This Feminist Intersectional Bookstore Is Building Community in Norfolk—Whether Capitalism Likes It or Not

by | Aug 3, 2023

Tucked underneath a coffee shop off Colley Avenue sits Eleanor’s, a self-described “intersectional feminist bookstore and bottle shop” that is aiming to foster change both locally and beyond.

Norfolk Currents sat down with founder Erin to chat about her vision for the space and how Eleanor’s is trying to “redistribute power” in a capitalist society seemingly hellbent on concentrating it.

Erin explains that she was inspired to open Eleanor’s in 2020, when the pandemic allowed her to step off the relentless treadmill of work to engage in some deep reflection about the systemic problems in our society. Issues like inequality, racism, housing insecurity, and more smacked her in the face.

“It just didn’t make sense the way that we do things. The things that we prioritize as a society,” she told me.

Rather than going back to business as usual, Erin decided to open a bookstore focused on highlighting marginalized voices and spurring thought about radical change. But she didn’t want to just replicate the capitalist business structure that she sees as part of the problem.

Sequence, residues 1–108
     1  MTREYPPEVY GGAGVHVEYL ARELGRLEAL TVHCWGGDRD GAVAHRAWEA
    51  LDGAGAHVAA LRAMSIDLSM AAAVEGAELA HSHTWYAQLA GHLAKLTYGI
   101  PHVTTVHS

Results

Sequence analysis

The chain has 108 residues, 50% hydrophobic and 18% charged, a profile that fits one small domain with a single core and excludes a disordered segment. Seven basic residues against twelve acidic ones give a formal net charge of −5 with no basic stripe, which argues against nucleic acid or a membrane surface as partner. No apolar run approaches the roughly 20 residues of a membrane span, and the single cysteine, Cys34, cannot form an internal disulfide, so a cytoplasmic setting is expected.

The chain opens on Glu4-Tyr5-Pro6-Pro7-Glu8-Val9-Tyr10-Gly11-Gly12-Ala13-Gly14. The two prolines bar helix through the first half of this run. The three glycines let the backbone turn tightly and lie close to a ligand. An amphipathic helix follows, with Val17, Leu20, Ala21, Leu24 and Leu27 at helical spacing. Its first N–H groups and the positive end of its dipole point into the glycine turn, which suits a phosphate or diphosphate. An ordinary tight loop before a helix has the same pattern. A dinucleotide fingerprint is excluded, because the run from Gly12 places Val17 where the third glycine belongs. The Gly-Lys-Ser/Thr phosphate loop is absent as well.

“Workers should own where they work and make decisions that affect what is so much of their life and livelihood,” says Erin.

So she’s transitioning Eleanor’s into a worker cooperative, where employees also own and manage the business. Erin believes this egalitarian approach creates space for more perspectives when making decisions.

Beyond selling books, Eleanor also hosts intersectional feminist book clubs, partners with local mutual aid networks, and has a “Period Pantry” on the porch offering free menstrual products, no questions asked. The goal is to build community interdependence and empowerment from the ground up.

“It’s truly just about communicating with one another and engaging in a real human way,” Erin emphasizes.

Whether a conscious business model like Eleanor’s can thrive within the confines of capitalism remains to be seen. But Erin is committed to imagining an alternative, even if existing structures don’t like it.

“It’s just imagination. It’s just being able to look and see a flat surface and what could be built upon it,” she muses.

As corporations and governments seem increasingly incapable of solving society’s most pressing problems, perhaps we could use a little more radical imagination. Eleanor’s is dreaming big—not just with books, but with action.

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